Kyriakos Mitsotakis

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Kyriakos Mitsotakis (2017)

Kyriakos Mitsotakis ( Greek Κυριάκος Μητσοτάκης , born March 4, 1968 in Athens ) is a Greek politician and has been the Greek Prime Minister since July 8, 2019 . Since January 11, 2016, he has been chairman of the Nea Dimokratia (ND). Previously, he was Minister for Administrative Reform and E-Government in the Samara Cabinet and from 2016 to 2019 opposition leader in the Greek Parliament.


Kyriakos Mitsotakis comes from a Cretan family who settled in Athens, Eleftherios Venizelos was his great-uncle. His father Konstantinos Mitsotakis had to go into exile as an opposition politician during the Greek military junta , the family moved to Paris when Kyriakos Mitsotakis was 6 months old and returned in 1974 after the end of the dictatorship. In 1989 his father became Prime Minister and later Honorary President of the Nea Dimokratia.

In 1986 Kyriakos Mitsotakis graduated from Athens College as the best in his class and studied at Harvard and Stanford. He is married to the Greek Mareva Grabowski and they have three children together, Sophia, Konstantinos and Dafni. Kyriakos Mitsotakis speaks fluent English and French as well as some German.


Mitsotakis studied social sciences from 1986 to 1990 at Harvard University in Cambridge , Massachusetts , where he received a bachelor's degree with summa cum laude .

From 1990 to 1991 he worked as a business analyst at Chase Manhattan Bank in London and then did his military service in Greece. He then obtained his master's degree in “International Economic Relations” with a focus on “European Unification” at Stanford University in the USA. He completed his studies with another Masters in Business Administration from Harvard Business School . Between 1995 and 2003 he worked at McKinsey and Greek banks.

Since March 2004 he has been a member of the Nea Dimokratia in the Greek parliament. From June 25, 2013 to January 26, 2015, he was Minister for Administrative Reform and E-Government in the Samara cabinet .

Mitsotakis was elected party chairman on January 10, 2016 in a runoff election by the party base and supporters of the Nea Dimokratia.

Political views and work

Within the party, Mitsotakis is more likely to belong to the economically liberal wing of the New Democracy. During his tenure as Minister for Administrative Reform, he presented detailed plans for savings in the state apparatus, which, among other things, provided for the equalization (uniform grades) of wage inequalities for public employees. In return, he proposed a reduction in taxes by at least one billion euros. However, this relatively radical reform was rejected by the then coalition partner PASOK and therefore abandoned by the government. In addition, he was mainly busy with staff transfers and the improvement of electronic data processing, with the aim of increasing the efficiency of the administration and saving citizens unnecessary administrative procedures. He also proposed a rating system for civil servants, which, according to him, should only be introduced for promotion purposes and for the award of bonus payments; Under no circumstances should officials with bad ratings be dismissed. These plans could not be implemented before the change of government on January 26, 2015 and were not pursued by the new government .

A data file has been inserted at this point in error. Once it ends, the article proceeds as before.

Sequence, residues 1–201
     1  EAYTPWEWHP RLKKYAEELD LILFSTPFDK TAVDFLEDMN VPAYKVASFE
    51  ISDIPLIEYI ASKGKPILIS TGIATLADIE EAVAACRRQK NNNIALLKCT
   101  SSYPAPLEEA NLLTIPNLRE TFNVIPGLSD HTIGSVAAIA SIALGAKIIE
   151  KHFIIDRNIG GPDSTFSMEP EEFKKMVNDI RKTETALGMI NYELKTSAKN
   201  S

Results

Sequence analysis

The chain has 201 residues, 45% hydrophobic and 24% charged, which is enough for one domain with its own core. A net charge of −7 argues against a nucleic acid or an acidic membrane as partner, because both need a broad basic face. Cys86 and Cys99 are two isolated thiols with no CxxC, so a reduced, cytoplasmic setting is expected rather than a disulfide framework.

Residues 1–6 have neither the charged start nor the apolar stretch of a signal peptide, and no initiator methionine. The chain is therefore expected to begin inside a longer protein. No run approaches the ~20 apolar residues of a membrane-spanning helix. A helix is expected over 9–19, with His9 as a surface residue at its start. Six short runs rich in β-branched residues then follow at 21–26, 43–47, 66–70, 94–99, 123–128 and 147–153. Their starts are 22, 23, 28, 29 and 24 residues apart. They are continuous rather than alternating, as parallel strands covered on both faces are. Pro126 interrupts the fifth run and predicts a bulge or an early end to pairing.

In the course of his candidacy for the party chairman of the Nea Dimokratia , he came back to his earlier savings plans and proposed concrete savings of 2 billion euros in return to finance a tax cut package.

Polls have been suggesting since at least 2017 that Mitsotakis would become prime minister after the next general election in Greece. In the European elections on May 26, 2019, the Greek Prime Minister Alexis Tsipras was clearly defeated by Kyriakos Mitsotakis' opposition, whereupon he announced early elections on July 7, 2019 that same evening . This won Mitsotakis ND, whereupon he was sworn in as the new Prime Minister a day later.

Web links

Individual evidence

  1. ↑ List of ministers in the Samaras cabinet 2012–2015 (Greek)
  2. Kyriakos Mitsotakis to bring the party back to power ,, accessed on January 11, 2016
  3. Michael Martens: “Reforms alone will not be enough” - Interview with K. Mitsokakis., July 24, 2017, accessed on May 27, 2019 .
  4. Christian Oliver: Greece's Tsipras calls snap election after EU poll drubbing., May 26, 2019, accessed on May 27, 2019 .